Sep 15th, 2003 @ 1:49 pm | Author: Ellen-Earle Chaffee
Q: How many people does it take to have a Fiesta?

A: ALL of them!

Q: How many people will love the Fiesta?

A: ALL of them!

Fiesta Mexicana is an extraordinary event that has the potential to become Valley City’s answer to Minot’s Hostfest. This third Fiesta is a terrific example of how much the university and community can accomplish together. There is no way either could have the event without the other.

Fiesta will take place primarily at the City Auditorium on September 25-27. A special dinner with the most rousing entertainment you have ever seen will take place at the Eagles that Thursday night, September 25. Do not miss it! Fiesta only takes place in alternate years. Last time, I asked some local folks in the dining hall on Saturday if they had just arrived. "Oh, no," one said. "We’ve come here every day!" Another added: "And twice on Friday."

This year, Fiesta will bring to Valley City a number of musicians, dancers, and crafts people from two states in Mexico " Baja California Sur and Oaxaca (wah " HAH " ca). Altogether, there could be nearly 70 people from Mexico here that week. You will enjoy the sounds, the sights, and the tastes of the event, and you will find some wonderful gift items for yourself and others.

We expect several thousand visitors to Valley City in those few days. I am among those who love the fact that Fiesta often draws many people of Mexican heritage who live in the region. Many hundreds of school children will be here from throughout the state on Thursday and Friday, too.

Top officials and professors from universities in three Mexican states will also be present. We will be talking with them about sister-university arrangements to share courses, expertise, and ideas. We will have a live interactive video conference with the education specialist at the U.S. Consulate in Mexico City, too, to discuss effective student exchange options.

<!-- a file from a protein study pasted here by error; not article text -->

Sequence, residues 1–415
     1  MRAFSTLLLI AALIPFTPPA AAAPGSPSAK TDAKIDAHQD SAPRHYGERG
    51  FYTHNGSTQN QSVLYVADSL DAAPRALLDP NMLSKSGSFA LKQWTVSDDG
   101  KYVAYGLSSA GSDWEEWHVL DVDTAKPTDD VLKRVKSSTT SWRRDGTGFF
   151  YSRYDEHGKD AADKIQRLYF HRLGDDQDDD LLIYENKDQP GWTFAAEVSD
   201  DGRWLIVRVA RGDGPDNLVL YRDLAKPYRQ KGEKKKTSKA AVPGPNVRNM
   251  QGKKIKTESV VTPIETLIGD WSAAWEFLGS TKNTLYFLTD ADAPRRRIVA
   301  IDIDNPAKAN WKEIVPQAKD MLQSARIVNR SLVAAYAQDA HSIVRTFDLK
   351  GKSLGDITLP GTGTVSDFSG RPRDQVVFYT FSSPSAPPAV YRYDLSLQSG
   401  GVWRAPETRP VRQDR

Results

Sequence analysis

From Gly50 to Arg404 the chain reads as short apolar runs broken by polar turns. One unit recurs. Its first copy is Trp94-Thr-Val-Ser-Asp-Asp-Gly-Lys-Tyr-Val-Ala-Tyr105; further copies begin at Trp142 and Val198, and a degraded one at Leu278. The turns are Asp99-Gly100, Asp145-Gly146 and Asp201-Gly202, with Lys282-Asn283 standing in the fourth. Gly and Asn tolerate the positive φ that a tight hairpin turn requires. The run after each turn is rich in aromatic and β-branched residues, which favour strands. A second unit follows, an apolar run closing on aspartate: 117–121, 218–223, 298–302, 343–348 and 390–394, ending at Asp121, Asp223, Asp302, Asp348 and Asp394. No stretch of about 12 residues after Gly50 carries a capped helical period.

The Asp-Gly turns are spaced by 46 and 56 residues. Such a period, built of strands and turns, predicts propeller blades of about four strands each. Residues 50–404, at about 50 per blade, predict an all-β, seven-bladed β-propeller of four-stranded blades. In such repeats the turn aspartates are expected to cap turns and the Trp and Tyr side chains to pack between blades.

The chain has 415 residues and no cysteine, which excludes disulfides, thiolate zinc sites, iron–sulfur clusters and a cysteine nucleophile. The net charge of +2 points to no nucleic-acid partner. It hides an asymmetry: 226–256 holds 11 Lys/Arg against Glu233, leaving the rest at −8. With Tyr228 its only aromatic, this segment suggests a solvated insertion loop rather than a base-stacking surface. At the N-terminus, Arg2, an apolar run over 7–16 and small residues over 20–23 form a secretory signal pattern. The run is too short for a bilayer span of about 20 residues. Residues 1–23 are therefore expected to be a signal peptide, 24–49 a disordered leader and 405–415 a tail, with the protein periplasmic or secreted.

Four senior leaders from Sun Microsystems, our newest corporate partner, will also be on hand. They will help all of the university personnel develop visions of how we can bridge borders with technology to enrich education in both places. We have already discovered, for example, that our new interactive video system will allow us to invite a Mexican professor to tell us about his or her expertise almost as if we were in the same room. We can even add other North Dakota college campuses into the exchange like a conference call with video.

As I said, it takes all of us to make the event possible. The founder is Kay Kringlie, VCSU Spanish professor, with strong support from her academic division. Another key element is the Valley City Chamber of Commerce, Convention and Visitors Bureau, and a number of their board members who invest hundreds of hours and dollars. Thanks, too, to the many community people who are hosting the Mexican high school students in their homes. Our own Congressman Earl Pomeroy has been instrumental in securing our visitors’ visas, and he will help us host the university delegations.

Gracias! See you at Fiesta!

President Chaffee writes a column that is published in the Valley City Times Record every Tuesday of the month. The above article will run int he Tuesday, September 16th edition.